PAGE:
In Sprint One, Andrew was made of MDF, Hardboard and 2 Servo Motors. The servos were too heavy for the mechanism which made the arm a bit difficult to move. In this iteration, code was not implemented, but there was a lot of research going on backstage.

Mechanical Breakdown


In sprint one, we tentatively decided to go with a drawing arm rather than a CNC drawing system. We wanted to see if two joints would give us the mobility we desired for it, so the first sprint’s system was all about testing out that theory. The way it works is that there is a servo motor controlling the “shoulder” joint, and another directly controlling the “elbow”. We also restricted the page size with a tray, made by laser cutting two layers of hardboard and layering them. The tray restricted the potential different paper sizes we wanted to incorporate, so we decided we could do without it. The issue with the arm was the “elbow”. The servo motor weighed down the system. Because of that, we knew the second sprint needed to incorporate a gear or belt drive.

Designing Table and Character

We wanted to create a robot that was approachable, cute, and personified. At first we were debating about whether or not make it look like an animal or give it an creative theme (i.e. marine theme, space theme, etc.). After various iterations, we decided it would be best if we continued to emphasize the fact that it is an approachable robot by giving it an adorable robot head.

Electrical Breakdown

For the first sprint, we used two servo motors to power the arm. We used these mostly to test the motion we wanted, as they were easily available to us. We connected them to an Arduino, and powered the whole system through our laptops.

This worked decently well for our first iteration - it showed us how we could move the arm similar to the joints of a shoulder and elbow. However, the integration with the mechanical design was still lacking, which meant that our servos directly powered the rotation of the arm, without any gears or a belt drive. The second motor weighed down the arm, proving to us that we needed to integrate the mechanical and electrical components more carefully.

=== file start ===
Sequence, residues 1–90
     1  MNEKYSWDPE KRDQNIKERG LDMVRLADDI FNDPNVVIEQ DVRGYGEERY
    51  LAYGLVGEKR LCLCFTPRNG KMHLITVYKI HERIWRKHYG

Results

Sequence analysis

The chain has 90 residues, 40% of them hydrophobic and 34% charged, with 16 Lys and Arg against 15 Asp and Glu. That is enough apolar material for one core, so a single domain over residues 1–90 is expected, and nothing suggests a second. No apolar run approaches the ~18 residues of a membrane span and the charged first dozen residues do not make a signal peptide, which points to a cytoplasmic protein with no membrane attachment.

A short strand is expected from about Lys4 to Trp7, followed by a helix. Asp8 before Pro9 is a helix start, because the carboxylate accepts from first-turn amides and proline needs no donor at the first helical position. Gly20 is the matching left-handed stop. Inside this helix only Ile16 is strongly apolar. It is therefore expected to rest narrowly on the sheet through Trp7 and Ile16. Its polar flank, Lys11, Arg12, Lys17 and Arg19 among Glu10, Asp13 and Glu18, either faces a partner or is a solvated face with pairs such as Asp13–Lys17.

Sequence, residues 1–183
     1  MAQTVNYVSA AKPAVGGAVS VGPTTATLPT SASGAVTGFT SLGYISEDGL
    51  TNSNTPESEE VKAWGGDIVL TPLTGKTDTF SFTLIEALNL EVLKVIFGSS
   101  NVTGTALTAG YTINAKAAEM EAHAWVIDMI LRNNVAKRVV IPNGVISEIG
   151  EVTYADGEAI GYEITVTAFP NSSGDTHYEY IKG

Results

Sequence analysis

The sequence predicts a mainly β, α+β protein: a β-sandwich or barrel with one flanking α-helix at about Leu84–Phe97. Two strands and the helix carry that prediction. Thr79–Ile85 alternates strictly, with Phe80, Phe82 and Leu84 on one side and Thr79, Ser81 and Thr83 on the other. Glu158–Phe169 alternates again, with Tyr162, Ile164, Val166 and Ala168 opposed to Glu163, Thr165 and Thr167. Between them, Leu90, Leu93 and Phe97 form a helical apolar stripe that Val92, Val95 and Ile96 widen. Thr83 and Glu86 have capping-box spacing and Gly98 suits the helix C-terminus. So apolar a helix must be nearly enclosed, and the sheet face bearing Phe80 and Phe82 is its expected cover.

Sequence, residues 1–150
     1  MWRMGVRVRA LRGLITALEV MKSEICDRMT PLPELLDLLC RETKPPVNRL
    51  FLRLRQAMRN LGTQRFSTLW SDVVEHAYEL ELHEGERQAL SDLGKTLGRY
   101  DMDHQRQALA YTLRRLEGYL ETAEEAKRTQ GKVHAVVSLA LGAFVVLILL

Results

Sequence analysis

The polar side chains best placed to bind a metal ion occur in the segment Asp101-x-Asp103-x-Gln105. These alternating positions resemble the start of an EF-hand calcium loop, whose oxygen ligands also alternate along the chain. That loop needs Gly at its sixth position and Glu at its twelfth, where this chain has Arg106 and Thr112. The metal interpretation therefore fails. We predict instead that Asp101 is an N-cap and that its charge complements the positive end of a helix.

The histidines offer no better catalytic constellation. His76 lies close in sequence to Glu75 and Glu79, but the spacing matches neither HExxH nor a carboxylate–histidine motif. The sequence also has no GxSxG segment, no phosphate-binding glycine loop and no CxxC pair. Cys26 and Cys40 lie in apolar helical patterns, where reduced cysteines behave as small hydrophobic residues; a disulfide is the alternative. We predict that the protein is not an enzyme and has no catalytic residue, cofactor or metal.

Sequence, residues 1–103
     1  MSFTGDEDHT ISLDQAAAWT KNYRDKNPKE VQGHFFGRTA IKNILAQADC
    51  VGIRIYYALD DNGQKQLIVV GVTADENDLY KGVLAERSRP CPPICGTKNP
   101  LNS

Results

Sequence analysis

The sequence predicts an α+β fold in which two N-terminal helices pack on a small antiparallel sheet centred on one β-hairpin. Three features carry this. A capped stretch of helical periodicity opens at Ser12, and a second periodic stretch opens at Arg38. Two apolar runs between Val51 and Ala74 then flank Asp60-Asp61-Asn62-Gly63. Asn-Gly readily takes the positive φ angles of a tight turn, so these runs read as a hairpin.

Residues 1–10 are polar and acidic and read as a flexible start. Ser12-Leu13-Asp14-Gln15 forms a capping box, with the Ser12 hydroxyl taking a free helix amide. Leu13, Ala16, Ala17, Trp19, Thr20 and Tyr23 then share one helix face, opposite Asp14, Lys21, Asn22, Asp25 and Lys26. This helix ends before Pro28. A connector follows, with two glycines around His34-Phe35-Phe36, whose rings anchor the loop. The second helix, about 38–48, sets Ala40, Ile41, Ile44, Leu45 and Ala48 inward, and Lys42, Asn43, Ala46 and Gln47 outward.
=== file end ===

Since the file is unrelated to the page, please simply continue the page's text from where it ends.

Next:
Another issue with this first iteration is that we were looking for a certain degree of accuracy of the arm, which servos couldn’t provide. We knew that for the next sprint, we’d need to look into updating our electrical system.

Software Breakdown

The first sprint for the software side of the project consisted mostly of research. Most of us being very new to programming, we needed to get an in-depth understanding of the tools and concepts that were available to us, and how we could use them. Here is a brief overview of what we researched:

1. Inverse and Forwards Kinematics:
  • Learned how to solve for the kinematics of a 2DOF arm
  • Found libraries that solved them and connected to servo motors like Tinyik Python Library and Arduino IK Library

2. UART:
  • Researched how we could transfer bytes, and at what rate, between python, and arduino without overloading the arduino with motor commands
3. Single Line-drawing Algorithms:
  • Sample code that could draw arms with servo motors

4. Open CV and the Canny Algorithm:
  • Explored the library and its different functions
  • Learned about the Canny algorithm that outlines images

5. Vectorising Images:
  • Learned about some image vectorizing algorithms
  • Aimed to use it to turn outline image into plottable and drawable equations

Bugdet Overview

Expenses Comments Sprint Price
Fiberboard --- First Free
Servos x2 First Free
    Total: $0.00